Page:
NEW SHOREHAM – The Rhode Island Fast Ferry backed away from its berth at Quonset Point and headed south past Jamestown, with strong winds blowing across the upper deck as it passed oyster farms, homes historical and other features of Rhode Island’s coastal environment along Narragansett Passage west of the bay.
The New England for Offshore Wind Coalition chartered the ferry on Tuesday, September 20 for a trip to the Block Island Wind Farm, allowing a mix of approximately 100 politicians, lobbyists, consultants and renewable energy advocates from across New England to see five of the seven offshore wind turbines in operation in the United States up close.
Among all the curious visitors from Maine, Massachusetts and New Hampshire, three local lawmakers were also on board, checking out the turbines and soaking up relevant information for their constituents.
State Representative Michelle McGaw, D-Portsmouth, and State Senator Dawn Euer, D-Newport, both represent communities in Newport County, and Alana DiMario is the State Senator for North Kingstown, Narragansett and Block Island – the communities in Rhode Island that have been most directly impacted by the offshore wind so far.
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DiMario pointed out that in addition to his Block Island constituents getting their electricity from the farm, his district also encompasses Quonset, where Orsted’s 100-turbine Revolution Wind Project intends to land its transmission line, and Galilee in Narragansett, where many of the state’s commercial fishermen dock their boats.
She considers the Block Island farm a success and stressed that islanders will not feel the strain that many Rhode Islanders will experience due to significantly increased fuel costs this winter.
“People ask a lot of questions”
McGaw, who represents Portsmouth, Tiverton and Little Compton, appreciated the opportunity to learn more about offshore wind and see a working wind farm in person. She said offshore wind is an increasingly common topic she hears about from her constituents, especially following the Mayflower Wind application to run a transmission cable along the Sakonnet River and through Island Park in Portsmouth.
“People have a lot of questions,” she said. “People are cautious. I try to learn and share as much information as possible.
The country’s first offshore wind farm, consisting of five GE Haliade turbines, each producing 6 megawatts of electricity with a 330ft tower topped by three 240ft blades, is located 3.8 miles off Block Island and is owned to Danish offshore wind titan Orsted, which acquired the project from original developer Deepwater Wind in 2018 for $510 million.
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The five wind turbines, which were state-of-the-art when they were built, but will look puny compared to the new 16-megawatt models that will will soon be installed at other offshore wind farms being built off the coasts of Rhode Island and Massachusettsprovide all of Block Island’s power, replacing diesel generators that used to burn over a million gallons of fuel per year.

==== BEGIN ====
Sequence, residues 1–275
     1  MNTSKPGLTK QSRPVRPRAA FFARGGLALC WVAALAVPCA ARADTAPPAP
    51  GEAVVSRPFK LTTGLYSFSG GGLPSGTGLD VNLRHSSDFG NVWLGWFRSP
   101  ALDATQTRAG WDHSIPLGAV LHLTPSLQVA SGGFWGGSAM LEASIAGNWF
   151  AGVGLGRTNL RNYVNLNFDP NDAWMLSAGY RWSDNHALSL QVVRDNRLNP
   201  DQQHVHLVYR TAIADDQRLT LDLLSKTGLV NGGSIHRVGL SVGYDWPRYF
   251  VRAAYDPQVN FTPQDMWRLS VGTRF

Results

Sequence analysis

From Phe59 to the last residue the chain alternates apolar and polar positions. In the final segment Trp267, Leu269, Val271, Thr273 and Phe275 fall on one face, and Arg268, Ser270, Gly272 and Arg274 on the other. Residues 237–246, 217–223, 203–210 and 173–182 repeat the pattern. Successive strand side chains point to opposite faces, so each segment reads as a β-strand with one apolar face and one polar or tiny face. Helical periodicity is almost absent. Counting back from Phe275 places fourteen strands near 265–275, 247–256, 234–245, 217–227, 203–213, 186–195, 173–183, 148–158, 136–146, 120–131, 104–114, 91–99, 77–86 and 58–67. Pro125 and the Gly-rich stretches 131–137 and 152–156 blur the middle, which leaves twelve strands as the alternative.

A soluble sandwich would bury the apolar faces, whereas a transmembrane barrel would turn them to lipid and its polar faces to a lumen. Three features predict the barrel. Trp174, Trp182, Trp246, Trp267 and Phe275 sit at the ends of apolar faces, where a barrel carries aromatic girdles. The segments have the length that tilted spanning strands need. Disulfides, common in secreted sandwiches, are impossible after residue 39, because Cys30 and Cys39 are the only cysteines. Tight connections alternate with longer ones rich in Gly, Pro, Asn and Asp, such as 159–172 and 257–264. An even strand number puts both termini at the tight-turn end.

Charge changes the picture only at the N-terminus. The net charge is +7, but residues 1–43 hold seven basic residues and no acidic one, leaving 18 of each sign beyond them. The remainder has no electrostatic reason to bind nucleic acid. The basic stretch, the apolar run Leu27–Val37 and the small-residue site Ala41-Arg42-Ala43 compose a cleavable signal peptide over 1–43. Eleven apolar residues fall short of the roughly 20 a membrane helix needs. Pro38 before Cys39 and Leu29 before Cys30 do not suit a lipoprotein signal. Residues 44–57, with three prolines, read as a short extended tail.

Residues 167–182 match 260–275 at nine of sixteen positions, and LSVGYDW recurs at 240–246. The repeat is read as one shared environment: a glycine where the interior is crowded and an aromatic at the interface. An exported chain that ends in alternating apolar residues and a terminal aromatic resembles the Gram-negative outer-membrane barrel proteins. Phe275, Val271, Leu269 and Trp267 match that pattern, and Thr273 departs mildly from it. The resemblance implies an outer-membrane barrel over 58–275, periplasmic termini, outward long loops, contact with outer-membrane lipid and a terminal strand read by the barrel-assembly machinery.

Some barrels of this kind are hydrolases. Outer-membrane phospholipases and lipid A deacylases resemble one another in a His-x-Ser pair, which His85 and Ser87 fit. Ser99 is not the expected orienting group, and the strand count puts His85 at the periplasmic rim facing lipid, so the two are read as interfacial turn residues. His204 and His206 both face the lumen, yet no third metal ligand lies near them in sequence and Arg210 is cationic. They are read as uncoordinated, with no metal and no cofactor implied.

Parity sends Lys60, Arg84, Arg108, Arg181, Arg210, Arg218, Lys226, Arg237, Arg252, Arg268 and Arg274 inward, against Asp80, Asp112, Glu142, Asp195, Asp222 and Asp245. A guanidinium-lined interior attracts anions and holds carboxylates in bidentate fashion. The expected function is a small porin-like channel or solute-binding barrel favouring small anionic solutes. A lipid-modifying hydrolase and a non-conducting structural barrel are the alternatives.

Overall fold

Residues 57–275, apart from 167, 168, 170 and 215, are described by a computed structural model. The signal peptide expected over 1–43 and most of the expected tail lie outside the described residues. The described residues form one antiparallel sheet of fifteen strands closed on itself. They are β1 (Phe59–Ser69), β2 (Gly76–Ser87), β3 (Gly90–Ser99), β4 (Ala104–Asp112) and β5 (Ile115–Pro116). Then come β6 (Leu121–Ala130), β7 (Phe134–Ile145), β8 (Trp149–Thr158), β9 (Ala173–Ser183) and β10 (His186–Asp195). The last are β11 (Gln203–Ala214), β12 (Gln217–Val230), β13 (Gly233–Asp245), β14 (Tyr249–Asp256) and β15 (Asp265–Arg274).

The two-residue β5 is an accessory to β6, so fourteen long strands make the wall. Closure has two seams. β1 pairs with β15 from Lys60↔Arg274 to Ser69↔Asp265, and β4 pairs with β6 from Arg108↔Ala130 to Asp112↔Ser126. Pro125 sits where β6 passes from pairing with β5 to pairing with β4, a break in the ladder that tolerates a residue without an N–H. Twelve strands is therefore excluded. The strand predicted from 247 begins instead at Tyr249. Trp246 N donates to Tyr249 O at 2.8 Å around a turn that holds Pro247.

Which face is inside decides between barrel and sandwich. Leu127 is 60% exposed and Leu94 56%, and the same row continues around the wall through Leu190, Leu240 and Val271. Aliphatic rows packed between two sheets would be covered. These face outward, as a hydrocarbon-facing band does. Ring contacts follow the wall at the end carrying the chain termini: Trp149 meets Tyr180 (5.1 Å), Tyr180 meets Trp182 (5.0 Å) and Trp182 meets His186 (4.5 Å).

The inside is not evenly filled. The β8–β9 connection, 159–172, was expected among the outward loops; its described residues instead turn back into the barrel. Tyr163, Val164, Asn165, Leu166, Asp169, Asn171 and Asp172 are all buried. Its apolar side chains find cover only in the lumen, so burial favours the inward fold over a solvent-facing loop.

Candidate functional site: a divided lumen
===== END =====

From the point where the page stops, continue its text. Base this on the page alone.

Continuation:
The farm’s success has helped position Rhode Island as a regional and national leader in offshore wind, just as renewable energy and its related industries are poised to boom in the next few years.
What is the impact of the Block Island wind farm on marine life?
Among several speakers aboard the ferry, each delivering short remarks as the boat slowly circled the turbines, Captain Dave Monti stood out. Monti has been fishing Rhode Island waters for more than 50 years, runs charters out of Wickford and writes a weekly fishing report for The Providence Journal.
He acknowledged that many fishermen who ply the waters of Block Island were concerned, if not outright opposed, to the wind farm when it was first proposed, the results of a state-mandated seven-year fishing study and financed by the developers of the wind farm. published in May in the peer-reviewed journal ICES Journal of Marine Science offered very reassuring results.
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The study not only proved that there was no significant negative effect on fish that live near the sea floor – demersal fish – and invertebrate populations during the construction and operation of the farm, but that the farm actually resulted in higher concentrations of Atlantic cod and black sea bass, around the turbines.
Some of the fish caught in the study also had mussels in their stomachs, indicating they may be eating mussels growing on the foundations of the turbines.
Rhode Island turns to renewable energy
Euer, who represents Jamestown and Newport, explained that she actually moved to Rhode Island to pursue her law studies in part because of the specialty in maritime law offered by Roger Williams University and its relevance to the processes. legal requirements for the development of offshore wind leases.
She played a key role in the proposed Rhode Island Offshore Wind Tender, a solicitation for 600 to 1,000 megawatt offshore wind supply to be released by Governor Dan McKee’s office on May 15. October after 30 days of public comment. period.
The tender was mandated by the Affordable Clean Energy Security Act passed by the General Assembly in July. The assembly also passed legislation in July requiring that 100% of Rhode Island’s electricity needs be met by renewable energy by 2033.
Contextualized by Rhode Island’s participation in the Federal-State Offshore Wind Implementation Partnership recently launched by the Biden administration, which calls for the production of 30 gigawatts of offshore wind power in the United States by 2030 , it is clear that Rhode Island is at the forefront of a multi-billion dollar launch that is poised to revolutionize coastal economies and state power grids.
Off Block Island, those who look closely can glimpse the future.